The “Nanna teapot” (from Don Norman's Emotional Design)

It’s worth mentioning that my last post about a glass teapot was inspired by a book titled Emotional Design: Why We Love (or Hate) Everyday Things by Don Norman. In that book he shows this image of three teapots, and the glass one in the middle is known as a “Nanna teapot.” I just saw that one sold on eBay for $275; that’s a little more than I had in mind. :) Mr. Norman earlier published a best-selling book titled The Design of Everyday Things.

Such a disappointing feeling when a book is a letdown

I just spent 45 minutes reading a new book about a programming language I was excited to learn, then slammed it shut and said, “Poorly organized, too many words, not enough code.”

That’s always such a disappointing feeling when you have that initial excitement about a programming language (or technology), and then a book is such a letdown. (I really hope people don’t view my books that way.)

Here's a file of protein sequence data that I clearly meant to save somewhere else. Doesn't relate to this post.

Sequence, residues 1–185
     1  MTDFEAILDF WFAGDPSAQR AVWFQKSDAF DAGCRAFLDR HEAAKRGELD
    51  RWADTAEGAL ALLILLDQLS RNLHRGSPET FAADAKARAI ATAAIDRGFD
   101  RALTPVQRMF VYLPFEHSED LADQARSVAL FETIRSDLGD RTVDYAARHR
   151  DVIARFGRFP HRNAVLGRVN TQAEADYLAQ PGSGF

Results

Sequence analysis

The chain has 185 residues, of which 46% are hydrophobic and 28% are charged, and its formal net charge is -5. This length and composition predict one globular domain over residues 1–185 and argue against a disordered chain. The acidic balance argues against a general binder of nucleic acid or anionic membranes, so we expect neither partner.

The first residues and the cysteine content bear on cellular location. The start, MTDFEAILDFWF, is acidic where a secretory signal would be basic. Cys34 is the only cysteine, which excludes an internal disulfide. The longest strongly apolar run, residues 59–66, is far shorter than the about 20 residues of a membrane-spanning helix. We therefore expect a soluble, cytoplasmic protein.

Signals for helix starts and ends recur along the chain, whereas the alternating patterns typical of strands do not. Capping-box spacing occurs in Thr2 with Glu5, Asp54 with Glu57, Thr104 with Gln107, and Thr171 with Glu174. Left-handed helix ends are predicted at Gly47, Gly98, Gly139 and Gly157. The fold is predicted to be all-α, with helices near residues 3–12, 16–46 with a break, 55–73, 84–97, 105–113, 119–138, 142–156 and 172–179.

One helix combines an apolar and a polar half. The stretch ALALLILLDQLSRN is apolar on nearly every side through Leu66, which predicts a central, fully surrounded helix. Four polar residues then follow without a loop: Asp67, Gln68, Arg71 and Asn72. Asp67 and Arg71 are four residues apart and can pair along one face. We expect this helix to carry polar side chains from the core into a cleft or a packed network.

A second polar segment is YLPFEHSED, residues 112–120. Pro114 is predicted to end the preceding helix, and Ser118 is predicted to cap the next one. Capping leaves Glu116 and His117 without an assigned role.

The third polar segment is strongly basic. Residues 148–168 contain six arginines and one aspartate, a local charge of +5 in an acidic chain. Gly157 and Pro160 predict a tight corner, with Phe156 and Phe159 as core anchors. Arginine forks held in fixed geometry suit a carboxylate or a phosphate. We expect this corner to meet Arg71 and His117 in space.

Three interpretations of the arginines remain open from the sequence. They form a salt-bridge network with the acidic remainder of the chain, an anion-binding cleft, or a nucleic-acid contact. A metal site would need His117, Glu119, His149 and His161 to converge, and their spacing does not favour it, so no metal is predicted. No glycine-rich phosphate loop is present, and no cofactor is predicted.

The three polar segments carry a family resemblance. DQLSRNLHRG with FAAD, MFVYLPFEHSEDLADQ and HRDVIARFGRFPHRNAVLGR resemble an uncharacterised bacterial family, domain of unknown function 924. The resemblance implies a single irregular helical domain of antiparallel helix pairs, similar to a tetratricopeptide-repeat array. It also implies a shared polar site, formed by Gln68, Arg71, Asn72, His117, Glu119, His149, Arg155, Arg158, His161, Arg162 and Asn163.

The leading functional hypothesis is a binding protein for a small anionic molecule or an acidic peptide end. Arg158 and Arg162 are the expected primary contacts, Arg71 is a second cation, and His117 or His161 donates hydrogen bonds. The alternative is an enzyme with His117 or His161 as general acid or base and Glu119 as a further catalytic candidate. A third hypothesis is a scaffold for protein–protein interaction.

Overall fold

This is a page from my book, “A Survival Guide for New Consultants”

“Excuse me, you’re in the way”

“A man of knowledge lives by acting,
not by thinking about acting.”

Carlos Castaneda

By now you know that I think a lot about attitude, and if there are any major secrets to my success, one of them is that at some point I learned that I was smart enough, and aggressive enough, to know when I was right about something. Once I gained confidence in myself, if I was clearly right about something and someone didn’t agree with me, I didn’t hesitate to say, or at least think, “Excuse me, you’re in my way.”

Port covers

Just a few months out of college, I was assigned to a missile project that had to do with something known as “port covers.” In short, port covers are like little doors on the sides of air-breathing rockets. If you’ve seen a little model rocket, or perhaps a firework that shoots up into the sky, you know that a rocket is basically a tube, like the cardboard tube that’s inside a roll of toilet paper. A normal solid rocket motor like this is filled with solid rocket fuel, which is something like a solid version of gasoline.